It may be interesting to note: The Toy Box renderer still only uses OpenGL features supported by 2008 Intel graphics (Mesa i965 OpenGL driver). Though some of the features are part of OpenGL 4.x. There is still room for improvement using newer hardware features.
I made various model and image handling improvements. Saving images can convert between DXTn compression and uncompressed formats. The model loader intermediate state (used by many unoptimized formats) can be saved to IQE and OBJ. More work is needed for general model exporting support.
I added loading additional archive formats:
- Doom (.WAD)
- Sonic Robo Blast 2’s compressed .WAD (ZWAD, rarely used)
- Sin (.SIN)
- Daikatana (.PAK)
- Anachronox (.DAT)
I added loading additional model formats:
- Anachronox: .MD2
- Heavy Metal F.A.K.K.²: .TAN
- Return to Castle Wolfenstein: .MDC
- Inter-Quake Export: .IQE — animation incomplete
- Misfit Model 3D: .MM3D — material/animation incomplete
- Sonic R: .BIN — animation incomplete
- Doom level — very incomplete
I added loading additional image formats:
- DirectDraw Surface .DDS (DXTn only) — There is special handling for S3Quake3 and Iron Grip: Warlord DDS files.
- Doom graphics (flat, patch, DeePSea tall patches)
- Serious Sam 2 (demo) textures (DXTn, uncompressed)
- A.J. Freda’s .BUZ (used by Wizard, Roly Poly Putt, and SRBX but only Wizard is fully supported)
I also added saving .DDS, Doom flats, and Serious Sam 2 (demo) textures.
Anachronox .MD2 is similar to Quake 2 MD2 but adding support for it was quite involved. The only documentation that I could find online was incomplete and/or inaccurate. It has an odd vertex mode of 11-10-11 bit position encoding. I spent a lot of time trying to figure out the vertex normal encoding. In the end I created a 2048 table of vertex normal directions by using a custom Anachronox MD2 model in the Anachronox particle application with vertex normal debug lines enabled and used apitrace to get the line end points.
I tried to scan the Anachronox EXE for the floating point vertex normal table but all I could find was the Quake 2 MD2 vertex normal table so either it’s not stored as floating point or it’s generated somehow (X values clear goes from approximately -1 to 1 in the table but Y and Z values jump around not making sense to me). I think I was only able to complete Anachronox MD2 thanks to Anachronox’ particle application which displays model information (like 11-10-11 bit XYZ encoding) and vertex directions. It doesn’t make me excited to try figuring out other model formats but I’m doing it anyway (though currently less obscure formats).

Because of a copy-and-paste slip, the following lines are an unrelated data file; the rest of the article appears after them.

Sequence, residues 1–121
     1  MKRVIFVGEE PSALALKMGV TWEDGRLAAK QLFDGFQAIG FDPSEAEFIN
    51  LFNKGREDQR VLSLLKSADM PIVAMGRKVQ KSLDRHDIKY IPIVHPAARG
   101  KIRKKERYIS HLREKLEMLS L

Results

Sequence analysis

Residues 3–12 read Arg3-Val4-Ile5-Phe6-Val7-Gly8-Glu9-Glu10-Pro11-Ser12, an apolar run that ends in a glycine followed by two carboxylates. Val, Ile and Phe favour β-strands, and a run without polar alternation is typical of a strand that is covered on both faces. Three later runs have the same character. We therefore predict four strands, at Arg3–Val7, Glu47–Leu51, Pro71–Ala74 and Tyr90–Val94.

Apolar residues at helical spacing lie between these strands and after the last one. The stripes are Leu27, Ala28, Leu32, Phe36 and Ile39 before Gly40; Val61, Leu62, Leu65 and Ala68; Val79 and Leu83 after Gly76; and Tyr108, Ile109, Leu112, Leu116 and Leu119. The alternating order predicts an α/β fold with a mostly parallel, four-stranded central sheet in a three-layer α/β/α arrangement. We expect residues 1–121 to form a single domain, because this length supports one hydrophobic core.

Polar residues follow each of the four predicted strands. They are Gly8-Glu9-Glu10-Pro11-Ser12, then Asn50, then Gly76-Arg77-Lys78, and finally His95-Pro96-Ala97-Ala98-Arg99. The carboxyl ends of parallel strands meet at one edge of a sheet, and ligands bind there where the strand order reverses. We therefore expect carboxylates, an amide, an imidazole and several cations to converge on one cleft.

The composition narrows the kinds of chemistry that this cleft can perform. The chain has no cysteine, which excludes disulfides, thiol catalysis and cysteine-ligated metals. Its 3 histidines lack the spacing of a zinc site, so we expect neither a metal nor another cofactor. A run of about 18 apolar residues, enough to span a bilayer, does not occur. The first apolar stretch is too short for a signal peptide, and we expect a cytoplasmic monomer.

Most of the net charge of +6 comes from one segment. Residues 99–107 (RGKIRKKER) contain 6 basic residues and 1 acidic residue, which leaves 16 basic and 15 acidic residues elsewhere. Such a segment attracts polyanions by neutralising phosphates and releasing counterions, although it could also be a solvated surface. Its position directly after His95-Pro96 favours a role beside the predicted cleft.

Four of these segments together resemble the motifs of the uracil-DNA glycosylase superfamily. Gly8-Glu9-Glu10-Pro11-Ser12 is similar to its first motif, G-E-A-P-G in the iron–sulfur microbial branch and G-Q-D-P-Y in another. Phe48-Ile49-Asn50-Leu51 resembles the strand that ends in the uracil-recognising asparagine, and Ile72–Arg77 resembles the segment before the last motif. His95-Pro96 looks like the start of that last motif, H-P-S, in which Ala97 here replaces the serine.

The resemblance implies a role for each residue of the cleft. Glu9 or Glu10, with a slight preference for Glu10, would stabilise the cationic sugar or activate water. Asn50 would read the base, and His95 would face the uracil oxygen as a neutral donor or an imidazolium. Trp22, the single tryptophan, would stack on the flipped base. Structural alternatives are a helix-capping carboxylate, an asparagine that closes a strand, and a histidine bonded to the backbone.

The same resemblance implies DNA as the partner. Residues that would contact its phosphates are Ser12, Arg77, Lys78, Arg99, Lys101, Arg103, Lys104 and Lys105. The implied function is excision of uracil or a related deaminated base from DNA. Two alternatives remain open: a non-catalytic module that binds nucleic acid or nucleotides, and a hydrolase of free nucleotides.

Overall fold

Anachronox MD2 has “tagged surfaces” which are named triangles(?). I haven’t figured out what to do with them yet (are they a position/rotation like MD3 tags? or for applying effect to the mesh?).
Clover Resource Utility
Clover Resource Utility (a Qt 5 application) gained High DPI support (for PinePhone), checkered grey background visible for transparent images, and work to keep up with other development (new BSP rendering, option to display vertex normals).
I also fixed a long running issue that resizing the window when viewing an image would turn the image black. The framebuffer object (FBO) recreation on window resize set the bound image to 0 without updating my OpenGL state tracker so my renderer thought the displayed image was still bound. Instead 0 (no image) was used.
I don’t know why it took so many years to think of how to make it easier to pass vec3 as separate arguments without copying and pasting it a bunch of times.
#define VEC3_ARGS( x ) (x), (x), (x) #define QUAT_ARGS( x ) (x), (x), (x), (x) Com_Printf( "Translate %f,%f,%f, Rotate %f,%f,%f,%f, Scale %f,%f,%f.\n", VEC3_ARGS( joint.translate ), QUAT_ARGS( joint.rotate ), VEC3_ARGS( joint.scale ) );
I don’t really have plans I’m very focused on right now. I started adding support for additional model formats. I still want to eventually reach feature parity with Spearmint opengl1 renderer. I may also try to work on some other area this year.
March 1, 2022: I corrected the article to state the renderer has been under development for 5 years, not 4 years as originally written.